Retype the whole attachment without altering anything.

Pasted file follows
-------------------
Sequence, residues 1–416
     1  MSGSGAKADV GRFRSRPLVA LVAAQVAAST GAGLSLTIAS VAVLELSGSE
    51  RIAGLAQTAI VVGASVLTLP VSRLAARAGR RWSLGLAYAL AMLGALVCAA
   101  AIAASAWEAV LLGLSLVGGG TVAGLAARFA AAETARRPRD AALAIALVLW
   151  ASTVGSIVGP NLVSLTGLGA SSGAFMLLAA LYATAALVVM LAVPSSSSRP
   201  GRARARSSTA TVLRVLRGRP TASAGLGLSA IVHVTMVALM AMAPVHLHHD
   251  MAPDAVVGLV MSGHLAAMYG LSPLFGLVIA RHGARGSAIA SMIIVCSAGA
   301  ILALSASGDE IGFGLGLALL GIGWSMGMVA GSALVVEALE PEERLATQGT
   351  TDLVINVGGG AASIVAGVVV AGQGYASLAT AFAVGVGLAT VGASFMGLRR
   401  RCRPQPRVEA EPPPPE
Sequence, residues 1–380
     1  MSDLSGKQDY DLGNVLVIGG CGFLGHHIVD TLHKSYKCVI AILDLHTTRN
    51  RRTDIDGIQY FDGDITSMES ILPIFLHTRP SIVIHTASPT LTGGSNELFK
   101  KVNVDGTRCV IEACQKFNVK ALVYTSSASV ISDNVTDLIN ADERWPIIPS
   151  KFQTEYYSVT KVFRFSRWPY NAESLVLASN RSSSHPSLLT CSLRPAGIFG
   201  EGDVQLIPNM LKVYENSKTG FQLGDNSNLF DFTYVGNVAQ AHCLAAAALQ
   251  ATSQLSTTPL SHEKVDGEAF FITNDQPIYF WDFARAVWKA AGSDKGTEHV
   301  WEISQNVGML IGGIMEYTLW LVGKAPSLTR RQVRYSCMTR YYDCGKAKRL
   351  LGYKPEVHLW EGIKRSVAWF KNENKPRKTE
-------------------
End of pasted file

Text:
Sequence, residues 1–416
     1  MSGSGAKADV GRFRSRPLVA LVAAQVAAST GAGLSLTIAS VAVLELSGSE
    51  RIAGLAQTAI VVGASVLTLP VSRLAARAGR RWSLGLAYAL AMLGALVCAA
   101  AIAASAWEAV LLGLSLVGGG TVAGLAARFA AAETARRPRD AALAIALVLW
   151  ASTVGSIVGP NLVSLTGLGA SSGAFMLLAA LYATAALVVM LAVPSSSSRP
   201  GRARARSSTA TVLRVLRGRP TASAGLGLSA IVHVTMVALM AMAPVHLHHD
   251  MAPDAVVGLV MSGHLAAMYG LSPLFGLVIA RHGARGSAIA SMIIVCSAGA
   301  ILALSASGDE IGFGLGLALL GIGWSMGMVA GSALVVEALE PEERLATQGT
   351  TDLVINVGGG AASIVAGVVV AGQGYASLAT AFAVGVGLAT VGASFMGLRR
   401  RCRPQPRVEA EPPPPE
Sequence, residues 1–380
     1  MSDLSGKQDY DLGNVLVIGG CGFLGHHIVD TLHKSYKCVI AILDLHTTRN
    51  RRTDIDGIQY FDGDITSMES ILPIFLHTRP SIVIHTASPT LTGGSNELFK
   101  KVNVDGTRCV IEACQKFNVK ALVYTSSASV ISDNVTDLIN ADERWPIIPS
   151  KFQTEYYSVT KVFRFSRWPY NAESLVLASN RSSSHPSLLT CSLRPAGIFG
   201  EGDVQLIPNM LKVYENSKTG FQLGDNSNLF DFTYVGNVAQ AHCLAAAALQ
   251  ATSQLSTTPL SHEKVDGEAF FITNDQPIYF WDFARAVWKA AGSDKGTEHV
   301  WEISQNVGML IGGIMEYTLW LVGKAPSLTR RQVRYSCMTR YYDCGKAKRL
   351  LGYKPEVHLW EGIKRSVAWF KNENKPRKTE